SpaceX Tests SuperDraco Descent Landing Capability

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SpaceX_Prop_Descent_2SpaceX recently tested its ability to fire engines that will be used to land a human-rated spacecraft safely on the ground with the accuracy of a helicopter at the company’s test facility in McGregor, Texas. SpaceX envisions returning people to Earth from space on the power of thrust instead of beneath parachutes. Working with NASA’s Commercial Crew Program, SpaceX is in the early phases of analysis. In November, the company conducted two tethered tests of a full-size Crew Dragon mock-up attached to a crane so engineers could refine the landing software and systems on the spacecraft. The Crew Dragon spacecraft will be equipped with eight SuperDraco thrusters that would be used to slow the vehicle’s return to Earth through the atmosphere and ultimately set the spacecraft and its crew down gently.

Propulsive landing will not be used initially for missions with NASA astronauts to the International Space Station.The Crew Dragon will splash down safely in the ocean under parachutes as its passengers return from the space station.

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6 thoughts on “SpaceX Tests SuperDraco Descent Landing Capability

  1. Jay

    You are wasting time, you need to increase rocket production, get the Falcon heavy going and give up, or postpone trying to land on a platform in the water until you have propulsive landings nailed and happening on a regular basis. You are facing more and more competition and they will catch up with you in the next few years unless you pick up the pace.

  2. Hilton Recardo Izak Hartnick

    It looks wonderful, however, rocket technology is rather becoming obsolete. Looking at the fundamental technological advancements we ought to look at propulsion systems that are more reliable and efficient. We know try at rockets have limited capabilities in space and that they require refueling when travelling in space. Also, the maximum velocity the system delivers shows a negative value on the scale in terms of the desired results. I suggest you revisit the technologies available.

    For example, we have valuable information regarding celestial travelling. We know that the Germans said that we can use solar radiation for fuel, why not learn. If you outfit a space ship with a two stage tftr acellerator, you can accumulate solar radiation from space, acellerate it compressing the photons, we are not splitting or bombarding, only compressing and acellerating, once this has been done we eject the light as a wave from the exhaust vents of the engines. What have we just done, one, pulled us forward and two pushed us forward. This fu is abundant and works on both earth as in space. How you never could have figured his out shocks me. I’m doing this study and have contacted NASA on this. To be honest, rocket propulsion as you use it is outdated even though you use the more modern methods, designs and technology, its the same as fossil fuel consumption. The true energt producing methods exist but you keep on digging because you are ignorant, the same with space travel. We can move in excess.of the speed of light in space, but because some ignorant scientists and engineers said its improbable to them it must be to everyone. Pleas consider my short suggestion. I will be share the information with you. This system utilises two tftr systems to function. This is what I call warp tech the true way of getting warp speed as shown in Star Trek.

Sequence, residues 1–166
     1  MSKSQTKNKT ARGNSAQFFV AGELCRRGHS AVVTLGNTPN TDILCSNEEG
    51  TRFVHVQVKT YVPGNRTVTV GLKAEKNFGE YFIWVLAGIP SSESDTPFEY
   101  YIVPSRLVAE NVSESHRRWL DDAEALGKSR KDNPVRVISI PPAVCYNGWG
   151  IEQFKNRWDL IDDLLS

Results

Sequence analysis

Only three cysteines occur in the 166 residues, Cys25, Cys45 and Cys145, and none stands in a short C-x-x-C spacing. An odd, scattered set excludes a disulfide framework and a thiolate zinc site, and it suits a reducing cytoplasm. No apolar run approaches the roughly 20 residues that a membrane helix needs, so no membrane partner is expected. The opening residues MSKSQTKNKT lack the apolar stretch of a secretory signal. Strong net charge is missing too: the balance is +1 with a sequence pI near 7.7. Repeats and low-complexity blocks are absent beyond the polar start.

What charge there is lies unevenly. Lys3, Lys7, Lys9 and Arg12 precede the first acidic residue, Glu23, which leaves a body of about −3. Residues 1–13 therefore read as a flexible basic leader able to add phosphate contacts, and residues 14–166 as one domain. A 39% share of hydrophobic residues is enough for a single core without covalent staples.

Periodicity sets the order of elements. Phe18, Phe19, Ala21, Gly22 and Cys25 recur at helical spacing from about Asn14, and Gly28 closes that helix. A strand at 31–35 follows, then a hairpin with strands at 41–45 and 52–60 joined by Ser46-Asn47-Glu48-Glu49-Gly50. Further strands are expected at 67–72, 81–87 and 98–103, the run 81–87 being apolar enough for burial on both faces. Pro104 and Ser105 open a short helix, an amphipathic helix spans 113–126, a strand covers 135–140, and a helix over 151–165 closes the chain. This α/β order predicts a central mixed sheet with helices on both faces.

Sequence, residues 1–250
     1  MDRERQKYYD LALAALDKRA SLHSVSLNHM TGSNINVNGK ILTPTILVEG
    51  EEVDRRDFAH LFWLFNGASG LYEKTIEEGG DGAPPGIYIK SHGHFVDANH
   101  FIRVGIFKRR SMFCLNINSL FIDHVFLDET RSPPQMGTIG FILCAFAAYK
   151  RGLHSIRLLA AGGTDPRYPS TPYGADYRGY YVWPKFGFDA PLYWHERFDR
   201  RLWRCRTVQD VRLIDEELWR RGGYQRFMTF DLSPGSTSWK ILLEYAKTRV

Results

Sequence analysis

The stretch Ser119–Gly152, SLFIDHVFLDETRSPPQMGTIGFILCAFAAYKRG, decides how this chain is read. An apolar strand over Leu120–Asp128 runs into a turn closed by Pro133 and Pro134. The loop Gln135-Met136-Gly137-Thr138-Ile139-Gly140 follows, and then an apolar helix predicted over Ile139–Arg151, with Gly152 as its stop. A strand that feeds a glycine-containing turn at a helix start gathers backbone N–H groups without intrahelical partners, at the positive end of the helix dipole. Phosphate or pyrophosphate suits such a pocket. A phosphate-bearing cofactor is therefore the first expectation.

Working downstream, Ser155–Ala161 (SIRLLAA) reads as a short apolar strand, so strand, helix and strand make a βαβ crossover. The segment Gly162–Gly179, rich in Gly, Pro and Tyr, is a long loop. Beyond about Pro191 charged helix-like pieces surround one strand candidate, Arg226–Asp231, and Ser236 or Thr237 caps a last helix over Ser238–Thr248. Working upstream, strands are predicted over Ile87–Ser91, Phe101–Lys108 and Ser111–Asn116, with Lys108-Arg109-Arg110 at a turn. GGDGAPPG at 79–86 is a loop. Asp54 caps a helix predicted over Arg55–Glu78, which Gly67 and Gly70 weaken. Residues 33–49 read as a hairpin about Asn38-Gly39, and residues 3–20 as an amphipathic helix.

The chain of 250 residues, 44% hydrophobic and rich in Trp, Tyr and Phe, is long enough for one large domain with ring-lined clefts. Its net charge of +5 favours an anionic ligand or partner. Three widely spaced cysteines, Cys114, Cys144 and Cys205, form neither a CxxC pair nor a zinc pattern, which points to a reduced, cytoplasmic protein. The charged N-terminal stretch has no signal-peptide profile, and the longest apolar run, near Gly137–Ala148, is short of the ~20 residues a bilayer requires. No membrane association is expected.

3. Rajan

    Why would SpaceX want to test powered descent in Earth Atmosphere if they won’t be using powered descent in Earth’s atmosphere? Ok, I know that they are going to use it when they go to Mars, but Mars’ atmosphere is different that earth’s. Is this an emergency safety measure, or is it plans for Mars’ powered crew descent? I mean, if NASA is ordering a mission to the ISS, why doesn’t SpaceX use this opportunity to test their landing system? It would give SpaceX data that would help their powered landing system, and give the crew a feel for what the landing would be like. Is there something that I am missing here?

  4. Joeben

    I like the image you used in this blog because it shows what the spacecraft looks like and gives a good idea of how it works. Also when would you be using this space craft in a mission? Will you put up an animation of this spacecraft landing? Thanks.

  5. Jens

    It looks good to me. The propulsive landing gives the crew Dragon the ability to land ‘on land’ – the same advantage the Dreamchaser has, with the possibility for a quick return of samples and people, where and if needed. Now, I like the Dreamchaser too, but this way that ability will come sooner and cheaper, even if the prospects of landing a space capsule using propulsion only makes me feel jittery!


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